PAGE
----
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America was different in the summer of 1963, when Martin Luther King, Jr. gave his celebrated “I Have a Dream” speech on the steps of the Lincoln Memorial.
My Aunt Dorothy never married even though she was born in the early 1900s, when staying single was beyond odd. She chose an unconventional path, getting a master’s degree in sociology and becoming a high school teacher in East Moline, Illinois, where she taught history. Her passion was the Civil War and her favorite president was Abraham Lincoln.
It was while I was visiting Aunt Dorothy, at the age of five, that I met a black man for the first time. It happened while we were grocery shopping at a Piggly Wiggly. He had skin the color of my mother’s mahogany dining table, eyes that matched and the oddest hair I’d ever seen. He was stocking shelves and was impossibly tall from my perspective, which put his hands at my eye level. I couldn’t help but notice how the deep color of his skin turned to ivory on his palms. From my child’s point of view, it looked as if he’d lowered himself into a giant cup of coffee and only the inside of his hands, where he’d held on to the edge of the cup, remained the color of my own. I knew it was impolite to stare, but it was hard not to and I noticed how he called my aunt, “Miss Calvert.”
Dorothy took me to the Moline public library every Monday and while she was off looking for books, I noticed an Ebony magazine in the periodicals section. It looked similar to the Life magazines that came to my parents’ house — it had the same advertisements and the same style of articles — but everyone had brown skin, black hair and dark eyes. Was this a parallel world? It felt like something forbidden to even look in that magazine, like if you got caught doing it, you would be sent to your room without your supper.
That’s because back in those days, there were no African Americans in the Denver neighborhood where I grew up, none in the small towns in Nebraska where my grandparents lived, none in my school, none on TV or in the movies and none in mainstream magazines. When you saw a black person it was quite the phenomenon because it was understood that you stayed in your world and they stayed in theirs.
That same summer, my Aunt Dorothy took me on a road trip to Florida, stopping to see every Civil War battlefield and museum along the way. Our itinerary included a drive through the Deep South, where I saw a faded sign on a restaurant door in Alabama that said “Whites Only.” We had stopped for lunch, but when Dorothy saw the sign, she told me to get back in the car: it wasn’t a good place to eat, she said.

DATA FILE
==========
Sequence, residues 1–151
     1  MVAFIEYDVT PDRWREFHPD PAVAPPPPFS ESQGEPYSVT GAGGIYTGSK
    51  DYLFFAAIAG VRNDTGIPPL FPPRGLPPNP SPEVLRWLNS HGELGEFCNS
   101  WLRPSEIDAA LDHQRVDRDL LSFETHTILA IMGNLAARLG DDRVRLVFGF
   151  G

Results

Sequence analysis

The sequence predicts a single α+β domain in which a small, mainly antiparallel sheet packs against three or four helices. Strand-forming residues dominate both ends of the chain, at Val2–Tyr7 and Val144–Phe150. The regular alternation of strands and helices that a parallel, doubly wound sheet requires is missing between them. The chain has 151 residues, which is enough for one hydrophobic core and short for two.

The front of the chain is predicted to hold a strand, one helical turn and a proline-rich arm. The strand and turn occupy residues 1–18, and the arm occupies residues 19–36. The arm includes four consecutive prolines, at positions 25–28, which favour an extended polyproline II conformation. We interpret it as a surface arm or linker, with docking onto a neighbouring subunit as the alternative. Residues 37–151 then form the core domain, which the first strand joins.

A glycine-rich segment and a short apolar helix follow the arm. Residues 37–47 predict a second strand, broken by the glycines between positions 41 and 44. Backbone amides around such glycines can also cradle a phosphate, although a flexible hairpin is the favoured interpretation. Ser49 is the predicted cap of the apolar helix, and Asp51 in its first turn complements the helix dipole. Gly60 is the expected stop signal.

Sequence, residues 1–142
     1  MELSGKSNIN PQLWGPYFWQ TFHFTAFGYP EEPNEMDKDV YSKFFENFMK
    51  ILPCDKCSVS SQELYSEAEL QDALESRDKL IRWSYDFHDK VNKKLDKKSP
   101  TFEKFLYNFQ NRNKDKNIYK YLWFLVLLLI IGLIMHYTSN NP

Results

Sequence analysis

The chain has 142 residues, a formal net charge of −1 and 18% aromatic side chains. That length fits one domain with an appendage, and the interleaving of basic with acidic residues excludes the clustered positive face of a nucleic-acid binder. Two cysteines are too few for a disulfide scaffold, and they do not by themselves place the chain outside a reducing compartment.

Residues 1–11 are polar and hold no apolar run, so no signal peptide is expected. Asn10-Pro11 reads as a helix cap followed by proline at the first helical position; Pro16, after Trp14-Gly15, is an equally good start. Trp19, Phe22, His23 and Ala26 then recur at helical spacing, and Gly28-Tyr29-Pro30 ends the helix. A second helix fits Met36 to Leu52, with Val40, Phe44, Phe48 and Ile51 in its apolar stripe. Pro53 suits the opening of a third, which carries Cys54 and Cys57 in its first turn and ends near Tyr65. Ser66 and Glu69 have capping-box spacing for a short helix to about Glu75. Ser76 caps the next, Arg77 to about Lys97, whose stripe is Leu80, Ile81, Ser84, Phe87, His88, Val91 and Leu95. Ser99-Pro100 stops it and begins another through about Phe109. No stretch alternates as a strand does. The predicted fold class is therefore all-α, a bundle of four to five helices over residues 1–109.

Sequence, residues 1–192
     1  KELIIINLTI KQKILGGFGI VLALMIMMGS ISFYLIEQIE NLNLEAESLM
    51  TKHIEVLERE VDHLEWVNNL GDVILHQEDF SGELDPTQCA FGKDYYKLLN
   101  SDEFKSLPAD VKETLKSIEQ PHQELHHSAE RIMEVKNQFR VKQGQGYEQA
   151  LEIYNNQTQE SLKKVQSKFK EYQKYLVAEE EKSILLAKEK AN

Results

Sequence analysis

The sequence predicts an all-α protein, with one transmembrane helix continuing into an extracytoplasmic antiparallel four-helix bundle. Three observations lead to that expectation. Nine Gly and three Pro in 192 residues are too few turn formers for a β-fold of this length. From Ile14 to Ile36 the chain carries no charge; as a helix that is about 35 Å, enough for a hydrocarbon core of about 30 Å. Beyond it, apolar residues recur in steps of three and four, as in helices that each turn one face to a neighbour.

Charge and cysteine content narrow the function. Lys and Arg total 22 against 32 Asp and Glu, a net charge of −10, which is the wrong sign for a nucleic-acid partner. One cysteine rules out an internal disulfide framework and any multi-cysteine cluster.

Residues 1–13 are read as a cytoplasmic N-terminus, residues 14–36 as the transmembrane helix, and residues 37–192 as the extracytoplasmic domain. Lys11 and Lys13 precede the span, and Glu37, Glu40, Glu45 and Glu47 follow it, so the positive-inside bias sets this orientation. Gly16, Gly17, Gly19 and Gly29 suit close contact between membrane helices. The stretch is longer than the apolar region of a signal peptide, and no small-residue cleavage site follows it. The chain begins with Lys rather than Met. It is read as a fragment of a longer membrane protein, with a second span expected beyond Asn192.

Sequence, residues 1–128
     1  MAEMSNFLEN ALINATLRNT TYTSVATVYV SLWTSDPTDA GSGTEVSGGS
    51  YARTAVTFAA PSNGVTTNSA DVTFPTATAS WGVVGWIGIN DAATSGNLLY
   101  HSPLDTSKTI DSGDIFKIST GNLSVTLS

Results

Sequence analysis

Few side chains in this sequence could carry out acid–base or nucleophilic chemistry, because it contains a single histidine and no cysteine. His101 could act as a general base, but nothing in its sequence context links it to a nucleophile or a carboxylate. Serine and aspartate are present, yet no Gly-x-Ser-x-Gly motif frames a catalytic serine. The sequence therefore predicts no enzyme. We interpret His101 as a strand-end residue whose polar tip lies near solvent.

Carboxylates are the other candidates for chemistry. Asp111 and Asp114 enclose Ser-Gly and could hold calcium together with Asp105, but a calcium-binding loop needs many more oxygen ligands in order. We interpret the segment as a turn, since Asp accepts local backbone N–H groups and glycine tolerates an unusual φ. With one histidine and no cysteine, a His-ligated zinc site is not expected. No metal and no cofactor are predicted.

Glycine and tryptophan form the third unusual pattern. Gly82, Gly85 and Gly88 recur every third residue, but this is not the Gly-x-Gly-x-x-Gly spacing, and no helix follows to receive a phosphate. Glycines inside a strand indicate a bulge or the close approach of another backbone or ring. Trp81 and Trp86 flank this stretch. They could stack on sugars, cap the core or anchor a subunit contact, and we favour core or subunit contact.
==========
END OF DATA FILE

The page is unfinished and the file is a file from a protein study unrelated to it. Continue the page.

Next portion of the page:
As we drove through the town looking for another restaurant, I spotted a black girl about my age standing on the corner. I missed my friends back home and, feeling as if I was now “familiar” with Negroes — as they were called in those days — I smiled and waved. The little girl saw me and spun around. With hate burning in her eyes, she flipped me the bird. I wasn’t sure at that age what her gesture meant, but there was no mistaking the contempt in her eyes.
Much later, I realized that the trip with my Aunt Dorothy was the very same summer that Martin Luther King, Jr., led his march on Washington D.C., where he delivered his magnificent “I Have a Dream” speech and earned a permanent place on the FBI’s covert operation list as a dangerous radical. His life ended a few years later when he was assassinated in Memphis, Tennessee. I remember seeing the story in the The Rocky Mountain News and asking my mother how it was possible that important men like President Kennedy and now Martin Luther King could be murdered in the United States of America. She didn’t have an answer.
I’m not that old, so it hasn’t been all that long since America lived a very segregated existence. A lot has changed since then. And although it’s far from ideal, the fact that we have a second term president who is black, with a black wife and black children — all living in an ironically named White House — is something my Aunt Dorothy would have never believed possible. Not because she didn’t believe in equal rights, but because the America she knew would have never allowed it.
It takes visionaries like Martin Luther King, Jr., to change old ideas that are ingrained into our belief system and accepted as truth when they’re not — visionaries who have a dream and the courage to announce to the world:
“I have a dream that my four children will one day live in a nation where they will not be judged by the color of their skin but by the content of their character … I have a dream that one day this nation will rise up and live out the true meaning of its creed: ’We hold these truths to be self-evident: that all men are created equal…’”
Martin Luther King, Jr.’s “I Have a Dream” Speech.